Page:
So, what happens when you drink? Well, as you down your first beer, that liquid gold is absorbed through your stomach lining into your bloodstream, followed by diffusion into your body’s tissues. After 20 minutes, your liver starts to metabolize the alcohol; one ounce every hour. So, if you drink until your blood alcohol content (BAC) reaches the legal limit (0.08), it’ll take about five and a half hours to leave your body. While the amount of time it takes to expel the alcohol from your system does not vary widely from person to person, several factors do effect BAC and the amount of time it takes to reach the legal limit.
Factors that affect absorption and tolerance:
Biological Sex: Dehydrogenase, the enzyme that breaks down alcohol in your tummy, is lower in women than in men. So, if Jill and her buddy Joe drink the same amount in the same amount of time, Jill will have a higher BAC.
Hormones: They impact your body’s ability to process alcohol. Drinking the same amount of alcohol during menstruation will result in higher BAC.
Body Fat/Weight: Women usually have greater percentages of body fat and lower percentages of water compared to their male counterparts. So, even if Ann and Dave weigh the same, Ann will likely achieve a higher BAC at a faster rate.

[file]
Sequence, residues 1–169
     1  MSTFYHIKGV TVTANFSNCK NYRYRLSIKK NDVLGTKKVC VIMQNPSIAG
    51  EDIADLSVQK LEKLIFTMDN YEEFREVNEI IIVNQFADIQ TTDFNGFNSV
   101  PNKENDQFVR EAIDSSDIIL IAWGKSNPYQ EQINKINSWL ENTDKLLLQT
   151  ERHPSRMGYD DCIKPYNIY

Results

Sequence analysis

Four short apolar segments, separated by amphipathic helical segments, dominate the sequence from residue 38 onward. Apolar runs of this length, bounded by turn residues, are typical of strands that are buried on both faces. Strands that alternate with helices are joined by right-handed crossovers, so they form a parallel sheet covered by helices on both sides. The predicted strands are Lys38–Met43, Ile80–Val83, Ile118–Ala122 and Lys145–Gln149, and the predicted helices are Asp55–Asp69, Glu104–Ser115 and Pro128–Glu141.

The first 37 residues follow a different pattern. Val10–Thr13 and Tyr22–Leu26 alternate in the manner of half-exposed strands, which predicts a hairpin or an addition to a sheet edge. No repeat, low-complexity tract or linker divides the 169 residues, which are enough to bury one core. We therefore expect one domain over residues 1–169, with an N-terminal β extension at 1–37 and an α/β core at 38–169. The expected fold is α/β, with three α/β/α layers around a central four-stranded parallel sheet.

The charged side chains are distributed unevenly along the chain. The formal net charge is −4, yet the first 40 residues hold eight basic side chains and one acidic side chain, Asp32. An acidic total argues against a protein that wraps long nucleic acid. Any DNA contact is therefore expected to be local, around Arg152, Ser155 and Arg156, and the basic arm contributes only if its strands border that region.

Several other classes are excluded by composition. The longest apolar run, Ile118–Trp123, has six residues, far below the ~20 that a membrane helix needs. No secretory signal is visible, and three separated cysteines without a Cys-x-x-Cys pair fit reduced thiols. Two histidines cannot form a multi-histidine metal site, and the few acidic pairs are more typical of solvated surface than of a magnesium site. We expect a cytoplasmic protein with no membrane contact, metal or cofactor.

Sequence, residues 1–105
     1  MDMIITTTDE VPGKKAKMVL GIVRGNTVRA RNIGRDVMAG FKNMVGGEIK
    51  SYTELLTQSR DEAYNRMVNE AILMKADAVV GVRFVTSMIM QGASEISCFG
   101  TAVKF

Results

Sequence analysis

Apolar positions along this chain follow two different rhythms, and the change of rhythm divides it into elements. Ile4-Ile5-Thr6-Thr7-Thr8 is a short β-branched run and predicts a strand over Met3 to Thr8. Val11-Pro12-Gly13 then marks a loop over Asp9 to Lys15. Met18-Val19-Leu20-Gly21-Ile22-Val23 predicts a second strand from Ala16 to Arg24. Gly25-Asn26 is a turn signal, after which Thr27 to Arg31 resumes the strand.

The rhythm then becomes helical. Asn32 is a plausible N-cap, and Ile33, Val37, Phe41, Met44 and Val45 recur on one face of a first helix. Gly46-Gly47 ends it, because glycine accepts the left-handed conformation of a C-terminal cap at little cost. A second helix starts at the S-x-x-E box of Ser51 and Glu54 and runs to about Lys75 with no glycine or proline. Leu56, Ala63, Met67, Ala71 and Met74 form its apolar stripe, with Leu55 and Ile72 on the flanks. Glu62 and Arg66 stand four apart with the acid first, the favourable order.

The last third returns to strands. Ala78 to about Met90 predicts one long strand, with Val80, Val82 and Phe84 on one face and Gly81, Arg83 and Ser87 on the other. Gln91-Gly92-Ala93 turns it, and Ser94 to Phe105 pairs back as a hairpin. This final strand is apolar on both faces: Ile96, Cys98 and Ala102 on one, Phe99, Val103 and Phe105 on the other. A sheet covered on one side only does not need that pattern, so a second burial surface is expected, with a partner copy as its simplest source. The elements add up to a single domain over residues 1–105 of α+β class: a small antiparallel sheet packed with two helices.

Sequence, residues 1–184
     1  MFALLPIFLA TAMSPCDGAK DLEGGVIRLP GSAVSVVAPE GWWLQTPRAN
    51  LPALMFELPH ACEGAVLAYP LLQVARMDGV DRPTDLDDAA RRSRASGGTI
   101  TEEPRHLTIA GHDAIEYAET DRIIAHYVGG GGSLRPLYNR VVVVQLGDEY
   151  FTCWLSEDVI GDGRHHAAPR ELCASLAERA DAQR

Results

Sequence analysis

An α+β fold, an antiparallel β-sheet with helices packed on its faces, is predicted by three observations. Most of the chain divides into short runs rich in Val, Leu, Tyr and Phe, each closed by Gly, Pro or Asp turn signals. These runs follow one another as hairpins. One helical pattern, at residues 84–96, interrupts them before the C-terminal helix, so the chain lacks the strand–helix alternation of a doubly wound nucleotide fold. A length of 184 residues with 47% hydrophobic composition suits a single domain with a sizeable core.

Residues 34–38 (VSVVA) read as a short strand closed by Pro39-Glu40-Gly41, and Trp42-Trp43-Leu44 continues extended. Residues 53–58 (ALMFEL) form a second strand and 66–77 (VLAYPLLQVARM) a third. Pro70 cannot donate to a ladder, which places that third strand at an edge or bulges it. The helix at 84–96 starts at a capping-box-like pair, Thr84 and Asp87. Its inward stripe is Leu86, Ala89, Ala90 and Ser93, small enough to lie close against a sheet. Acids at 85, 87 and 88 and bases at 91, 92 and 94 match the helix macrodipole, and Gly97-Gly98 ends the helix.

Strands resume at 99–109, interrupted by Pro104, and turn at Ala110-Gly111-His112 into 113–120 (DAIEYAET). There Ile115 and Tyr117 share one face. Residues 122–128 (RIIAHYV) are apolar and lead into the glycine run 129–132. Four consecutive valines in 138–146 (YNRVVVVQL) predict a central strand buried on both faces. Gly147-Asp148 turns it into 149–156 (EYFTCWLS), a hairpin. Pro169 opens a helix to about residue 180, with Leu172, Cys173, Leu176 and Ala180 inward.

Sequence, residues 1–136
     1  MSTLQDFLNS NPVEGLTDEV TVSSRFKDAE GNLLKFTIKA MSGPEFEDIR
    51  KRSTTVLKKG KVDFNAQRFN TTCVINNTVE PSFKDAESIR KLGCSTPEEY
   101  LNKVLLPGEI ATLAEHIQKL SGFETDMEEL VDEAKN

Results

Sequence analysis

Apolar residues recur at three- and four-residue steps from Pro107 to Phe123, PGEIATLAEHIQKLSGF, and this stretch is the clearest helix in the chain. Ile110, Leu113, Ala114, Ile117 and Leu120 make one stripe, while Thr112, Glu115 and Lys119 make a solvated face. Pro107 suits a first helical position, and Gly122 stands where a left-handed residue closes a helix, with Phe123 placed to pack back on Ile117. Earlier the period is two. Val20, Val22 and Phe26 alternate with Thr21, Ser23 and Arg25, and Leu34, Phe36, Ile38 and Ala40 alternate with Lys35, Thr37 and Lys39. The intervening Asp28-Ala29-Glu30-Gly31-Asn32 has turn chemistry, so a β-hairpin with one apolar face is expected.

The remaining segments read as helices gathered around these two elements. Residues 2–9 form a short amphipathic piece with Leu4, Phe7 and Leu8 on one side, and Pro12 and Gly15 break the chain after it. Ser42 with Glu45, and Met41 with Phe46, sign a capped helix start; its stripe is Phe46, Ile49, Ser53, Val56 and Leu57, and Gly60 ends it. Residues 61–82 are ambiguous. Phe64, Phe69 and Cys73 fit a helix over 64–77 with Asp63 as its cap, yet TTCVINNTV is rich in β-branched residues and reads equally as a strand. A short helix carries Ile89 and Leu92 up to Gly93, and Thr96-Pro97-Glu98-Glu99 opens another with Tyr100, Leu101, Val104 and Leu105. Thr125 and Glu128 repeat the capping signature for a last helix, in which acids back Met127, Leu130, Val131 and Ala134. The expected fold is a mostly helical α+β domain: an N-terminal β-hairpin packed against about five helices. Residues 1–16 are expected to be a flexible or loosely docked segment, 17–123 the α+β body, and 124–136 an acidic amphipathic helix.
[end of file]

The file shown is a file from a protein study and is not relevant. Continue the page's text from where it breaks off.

Your Brain on Alcohol
It takes roughly five minutes for alcohol to reach your brain and 10 minutes for you to notice behavioral/emotional changes. You know that feeling of euphoria that you get within several minutes of starting to drink? Yeah, that’s normal, it happens during the early stages. Subsequent stages of alcohol consumption include depression and disorientation (0.05 BAC), excitement (0.09-0.25), and confusion (0.18-0.3), to name a few; increase in BAC gives rise to new feelings and behaviors.